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View Full Version : Sawzall vs. ratchet pvc cutters?


ray24/7
03-05-2006, 09:04 PM
I am thinking about buying a cordless reciprocating saw to replace my ratchet cutters, and am wondering what everyone here prefers and why. Most models i have seen are a little on the heavy side... does anyone know of a smaller lightwieght model?

Dirty Water
03-05-2006, 09:39 PM
Victor racheting cutters cannot be beat for 1" and smaller PVC.

I use a Dewalt Sawzaw on large pipe projects (2" - 4").

sheshovel
03-05-2006, 09:51 PM
I prefer my ratchet because of the clean cut they make and you dont have to worry about getting pvc dust in your way.

jerryrwm
03-05-2006, 11:03 PM
I prefer my ratchet because of the clean cut they make and you dont have to worry about getting pvc dust in your way.

There's your answer. If you prefer the Victor cutters then you should stay with them. You won't be happy with the sawzall because of the weight, and probably the PITA in getting it into awkward positions. If you use a sawzall on a regular basis then you'll be better suited for it.

You might try one of the cordless jigsaws for small diameter pipe for installations. Lighter weight, compact size. Just a thought.

I prefer a good solid hacksaw with 18 tooth blade, but's that's just because I'm usually doing some kind of repair and pipe sizes vary so much, and they are usually larger than my Victor can handle.

Jerry (who is now in SE Wisconsin and looking at about 3" of fresh fallen snow.)

emg35
03-05-2006, 11:44 PM
We use alot of large pipe and have gone to the stihl TS 400 Cutquik for pipe over 2".

Erik

Green Sweep
03-06-2006, 05:23 AM
Cordless Milwaukee (The Hatchet) Sawzall for 2" PVC & up.

PurpHaze
03-06-2006, 08:31 AM
Our Klein rachet cutters work for pipe up to 1-1/4" in size. Then we can either use our Lennox PVC/ABS hand saws on pipe larger than that. They come in two lengths and we use both depending on pipe size. We also use a DeWalt sawz-all on larger pipe depending on what we're doing. If we're cutting away larger pipe in the ground we'll often use the DeWalt to make the first cuts. Then we'll use the hand saws to perform the final straight cuts if the cut has wandered. This often happens when the pipe is bowed or under some other type of pressure.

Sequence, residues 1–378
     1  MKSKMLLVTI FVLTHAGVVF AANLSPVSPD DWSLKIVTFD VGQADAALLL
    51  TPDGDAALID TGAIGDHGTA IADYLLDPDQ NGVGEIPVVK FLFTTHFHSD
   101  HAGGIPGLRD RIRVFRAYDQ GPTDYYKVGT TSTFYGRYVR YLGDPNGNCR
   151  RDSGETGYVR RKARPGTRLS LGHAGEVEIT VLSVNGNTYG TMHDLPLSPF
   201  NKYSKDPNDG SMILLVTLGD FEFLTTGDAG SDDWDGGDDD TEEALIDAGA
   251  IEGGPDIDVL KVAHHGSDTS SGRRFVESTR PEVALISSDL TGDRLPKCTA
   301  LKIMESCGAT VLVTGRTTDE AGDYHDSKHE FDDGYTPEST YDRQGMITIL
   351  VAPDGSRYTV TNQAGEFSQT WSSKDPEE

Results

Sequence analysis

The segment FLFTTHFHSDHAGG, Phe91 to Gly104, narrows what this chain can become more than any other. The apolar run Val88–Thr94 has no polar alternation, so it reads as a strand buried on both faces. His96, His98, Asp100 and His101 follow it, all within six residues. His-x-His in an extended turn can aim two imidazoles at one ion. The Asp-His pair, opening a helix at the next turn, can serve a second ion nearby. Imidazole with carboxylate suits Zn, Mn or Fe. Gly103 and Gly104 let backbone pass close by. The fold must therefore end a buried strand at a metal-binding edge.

One thing you have to be careful about with a sawz-all is that until you get good with it the cuts can wander, not creating a very straight cut. If the pipe is cold and unbraced there is also the chance of having the last bit of pipe break off. We use a Lennox "Fire & Rescue" blade with ours as it seems to have the best tooth pattern for our needs.

koster_irrigation
03-06-2006, 10:08 PM
rex wheeler 5290 1/2" - 1 1/4" ratching pvc cutter. the blades are outstanding. perfect square cuts every time.

ive also tried Ridgid brand ratcheting cutters, ......horrible. World known for their pipe wrenches, ive got two offset aluminum ones in the truck dont get me wrong.

And my opinion on the saw zaw, why pay 200 bucks or better for a cordless saw? ok try a souix chief brand hand saw, blows that lennox crap out of the water.

www.wheelerrex.com

www.souixchief.com

koster_irrigation
03-06-2006, 10:19 PM
^^^www.siouxchief.com ^^^^

PurpHaze
03-07-2006, 08:28 AM
ok try a souix chief brand hand saw, blows that lennox crap out of the water.

We don't have the Sioux Chief here but the Lennox crap has worked pretty well for us. :clapping:

You screwed me up on my Sioux spelling. I grew up on Sioux Rd. in Westminster, CA in a tract called the Indian Village. It was one of the words that I always knew how to spell since I was quite young. :laugh:

bicmudpuppy
03-07-2006, 08:59 AM
I like my sawzall. I use whatever version of kwick cutter is on the shelf at the parts house for small pipe applications. One of the benefits of "ham hands", I don't see much pipe a pair of cheap cutters won't cut vs a ratchet cutter. On larger pipe, I like my sawzall. Where a sawzall shines in my opinion, is that repair hole that is so tight you would otherwise need to hold a hacksaw blade with your hand. The longest blade available on the sawzall does wonders.

PurpHaze
03-07-2006, 09:42 PM
Where a sawzall shines in my opinion, is that repair hole that is so tight you would otherwise need to hold a hacksaw blade with your hand. The longest blade available on the sawzall does wonders.

I'll second that notion, even in large holes dug with our Bobcat. Two of our last three large mainline repairs had a LOT of roots in the hole and we couldn't dig worth beans right next to the pipe for fear we'd wipe out the wiring also. Used the DeWalt to cut out a large enough section of pipe for repairing with Dressers and to start pumping out the hole. Once the main was pumped down then it was easy to go in with shovels and peel back the roots and remove them without damaging the wiring. So much faster than with a hand saw. :clapping: